Tomorrow we celebrate July 4th, a tribute to our country's fight for independence. For many, watching sports is part of this celebratory weekend, as we immerse ourselves in a steady stream of accomplishments and statistics from baseball to the World Cup. We’ll know everyone’s batting average, earned run average or the distance a soccer player ran in a knockout game for a key goal. We are interested, if not obsessed, with statistics that measure performance, because sports are important to many Americans.
Ironically, we don’t apply the same scrutiny and thinking to one of the persistent, divisive and costly issues that touch virtually every American: the rising cost of health care. I’m a supporter of the Affordable Care Act, yet that groundbreaking policy is insufficient, in itself, as a mechanism to corral the rising costs of health care. Even with the Affordable Care Act, many Americans will still find health care too expensive. Part of this rests on our inability to understand the cost of health care. We don’t know what procedures cost, for example, and because there are bureaucratic disconnects between providers and insurers, the average person and business are paying for these weaknesses in the system.
Imagine trying to make a major investment after talking to a financial adviser, but you didn’t know how much you and your wife earned as a family. What if the adviser suggested cutting back on expenses? It would seem even more ludicrous if you didn’t know precisely what expenses you had and the amount you were spending. Yet, what was apparent is that you felt “short” financially at the end of the month.
I believe in the central tenets that transparency, honesty and solid facts provide for the best tools when it comes to making a decision. We can’t run away or ignore the increasing burden of health care costs. That is why I’ve sponsored a proposal, A952, that calls for the creation of an All-Payers Claim Database (APCD). The idea calls for a database that would provide crucial information that we could rely upon to help us lower costs and improve services.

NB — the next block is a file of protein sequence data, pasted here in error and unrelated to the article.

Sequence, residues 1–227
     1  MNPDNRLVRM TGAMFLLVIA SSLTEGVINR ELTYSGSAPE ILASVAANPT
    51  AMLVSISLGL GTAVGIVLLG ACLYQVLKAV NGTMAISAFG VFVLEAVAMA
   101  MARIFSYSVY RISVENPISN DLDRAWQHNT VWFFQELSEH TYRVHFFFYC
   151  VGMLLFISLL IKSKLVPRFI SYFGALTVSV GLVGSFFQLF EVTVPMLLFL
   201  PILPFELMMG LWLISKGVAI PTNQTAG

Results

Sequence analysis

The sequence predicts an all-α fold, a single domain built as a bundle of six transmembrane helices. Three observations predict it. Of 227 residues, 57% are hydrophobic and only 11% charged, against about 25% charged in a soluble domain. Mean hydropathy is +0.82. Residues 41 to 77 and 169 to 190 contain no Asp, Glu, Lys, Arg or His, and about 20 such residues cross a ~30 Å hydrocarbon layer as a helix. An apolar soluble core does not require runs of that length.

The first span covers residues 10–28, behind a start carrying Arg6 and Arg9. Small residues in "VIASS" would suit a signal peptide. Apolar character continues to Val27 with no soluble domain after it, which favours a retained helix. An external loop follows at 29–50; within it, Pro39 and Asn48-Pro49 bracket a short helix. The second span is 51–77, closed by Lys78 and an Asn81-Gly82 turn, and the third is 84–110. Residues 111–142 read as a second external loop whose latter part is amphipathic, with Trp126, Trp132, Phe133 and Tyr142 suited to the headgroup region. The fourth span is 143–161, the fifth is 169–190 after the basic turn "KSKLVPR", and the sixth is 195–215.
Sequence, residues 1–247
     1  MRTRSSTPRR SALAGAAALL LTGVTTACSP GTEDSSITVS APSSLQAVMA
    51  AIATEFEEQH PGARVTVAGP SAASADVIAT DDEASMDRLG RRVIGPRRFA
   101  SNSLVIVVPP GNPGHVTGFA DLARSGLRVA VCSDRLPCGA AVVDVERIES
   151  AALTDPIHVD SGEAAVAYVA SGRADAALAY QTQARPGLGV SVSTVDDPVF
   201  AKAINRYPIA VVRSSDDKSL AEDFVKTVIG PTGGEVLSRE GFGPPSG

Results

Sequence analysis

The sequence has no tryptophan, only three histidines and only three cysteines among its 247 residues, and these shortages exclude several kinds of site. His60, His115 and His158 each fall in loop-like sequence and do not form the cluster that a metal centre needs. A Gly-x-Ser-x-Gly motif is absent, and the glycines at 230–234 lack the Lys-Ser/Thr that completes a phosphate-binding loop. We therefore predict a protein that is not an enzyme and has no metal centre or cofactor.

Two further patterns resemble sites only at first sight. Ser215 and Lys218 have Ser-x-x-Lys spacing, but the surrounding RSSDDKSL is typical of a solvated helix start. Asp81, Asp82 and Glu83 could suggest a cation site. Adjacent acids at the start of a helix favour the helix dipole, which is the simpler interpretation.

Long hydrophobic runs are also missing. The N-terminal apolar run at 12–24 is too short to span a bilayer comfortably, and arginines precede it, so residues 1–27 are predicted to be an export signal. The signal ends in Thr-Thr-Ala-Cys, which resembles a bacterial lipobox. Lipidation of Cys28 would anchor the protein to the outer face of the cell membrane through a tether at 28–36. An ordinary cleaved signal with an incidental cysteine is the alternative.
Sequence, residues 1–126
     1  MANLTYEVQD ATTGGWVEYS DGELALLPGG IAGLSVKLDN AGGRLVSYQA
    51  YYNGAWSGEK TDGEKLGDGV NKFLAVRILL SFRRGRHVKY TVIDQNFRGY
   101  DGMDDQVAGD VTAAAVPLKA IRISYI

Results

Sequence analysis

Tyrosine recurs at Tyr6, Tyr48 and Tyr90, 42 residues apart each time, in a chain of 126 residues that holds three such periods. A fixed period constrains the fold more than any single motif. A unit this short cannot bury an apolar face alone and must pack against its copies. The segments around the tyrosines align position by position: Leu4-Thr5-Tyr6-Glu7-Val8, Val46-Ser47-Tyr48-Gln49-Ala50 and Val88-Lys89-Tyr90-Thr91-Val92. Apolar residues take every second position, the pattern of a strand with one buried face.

According to the Rutgers Center for State Health Policy, the specific value of the APCD I’m promoting includes:
- Providing consumers and employers with prices for health services;
- Facilitating quality improvements by identifying value-based spending;
- Identifying efficient providers;
- Enhancing marketing functioning and oversight;
- Sharing information for policymakers with actionable information.”
These are real, measureable and actionable items that could take us in the direction of reducing health care costs. Eleven states have already “seen the light” and implemented an APCD, with five other states developing one. It appears that 21 other states are giving the idea serious consideration. Can we do no less?
New Jersey health care costs are among the highest in the nation. We cannot improve what we cannot measure. And we surely cannot reduce health care costs without a careful and judicious assessment of what we’re paying. The lifeblood of reducing health care costs for individuals and businesses is to understand the rules of the game. And it is, in large measure, cost that dictates those rules. It’s time to use the benefits of an APCD database to lock down “real” numbers so that we can begin the discussion of reining in health care costs on a more equitable playing field.